In Sheriff John Paul Trujillo's hand was the attorney general's advisory letter, which stated that "until the laws are changed through the legislative process or declared unconstitutional by the judicial process, the statutes limit marriage in New Mexico to a man and a woman."So how come the Sandoval county clerk - who, incidentally, is a Republican, and the Attorney General is a Democrat - didn't know that? Because the definition of marriage in Section 40-1-1 of the New Mexico statutes doesn't specify genders at all. "Marriage is contemplated by the law as a civil contract, for which the consent of the contracting parties, capable in law of contracting, is essential." The sections describing who may and may not be married, and how marriages must be performed (40-1-2 to 40-1-17), don't specify genders either. The Attorney General's justification is section 40-1-18, which is a copy of the form couples need to fill out at the courthouse. It includes references to "male applicant" and "female applicant."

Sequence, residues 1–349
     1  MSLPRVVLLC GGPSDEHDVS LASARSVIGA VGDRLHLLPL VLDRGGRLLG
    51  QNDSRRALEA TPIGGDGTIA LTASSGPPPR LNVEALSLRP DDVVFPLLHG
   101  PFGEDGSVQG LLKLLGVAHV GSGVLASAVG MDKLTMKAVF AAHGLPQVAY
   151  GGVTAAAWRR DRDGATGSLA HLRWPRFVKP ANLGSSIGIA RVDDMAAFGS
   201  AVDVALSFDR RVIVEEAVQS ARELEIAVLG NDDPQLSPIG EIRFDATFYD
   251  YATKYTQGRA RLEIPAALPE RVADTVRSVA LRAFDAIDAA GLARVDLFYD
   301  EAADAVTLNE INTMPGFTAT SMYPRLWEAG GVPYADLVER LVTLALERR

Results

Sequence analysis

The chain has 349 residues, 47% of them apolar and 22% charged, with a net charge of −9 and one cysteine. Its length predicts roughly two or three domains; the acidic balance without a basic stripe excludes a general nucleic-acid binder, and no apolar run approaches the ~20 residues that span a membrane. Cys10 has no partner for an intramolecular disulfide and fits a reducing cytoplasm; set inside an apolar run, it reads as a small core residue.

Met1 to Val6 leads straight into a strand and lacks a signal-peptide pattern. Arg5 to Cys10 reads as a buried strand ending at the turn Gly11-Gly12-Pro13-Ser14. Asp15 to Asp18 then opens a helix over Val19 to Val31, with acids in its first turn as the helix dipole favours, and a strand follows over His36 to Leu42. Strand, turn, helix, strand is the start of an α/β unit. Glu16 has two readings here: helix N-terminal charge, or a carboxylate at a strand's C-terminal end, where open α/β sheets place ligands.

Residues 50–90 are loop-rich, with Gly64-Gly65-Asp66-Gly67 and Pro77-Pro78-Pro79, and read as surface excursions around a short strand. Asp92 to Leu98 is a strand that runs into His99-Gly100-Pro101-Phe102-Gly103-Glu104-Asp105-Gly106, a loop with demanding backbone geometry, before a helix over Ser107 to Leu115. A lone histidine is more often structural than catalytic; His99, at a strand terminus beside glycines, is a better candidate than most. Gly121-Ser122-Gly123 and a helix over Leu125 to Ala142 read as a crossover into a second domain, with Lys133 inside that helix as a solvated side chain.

Sandoval County clerks reported that the vast majority of applicants were lesbians, including many with children. [...]Eighteen years together, and not deserving of the rights and recognition that Britney Spears got herself as a joke.
With the sheriff beside her, chief deputy clerk Susan Utegg-Pedersen told several waiting couples that the office was closing early because of the attorney general's letter.
Several persons shouted back, including two newlywed men desperately trying to file their completed license.
"We've already been married and now you're not going to record it!" Ron Hay, 52, a water utility operations manager from Belen, N.M., told the chief deputy clerk. He married his live-in partner of more than 18 years, Rick Lawyer, 48, a mental health therapist.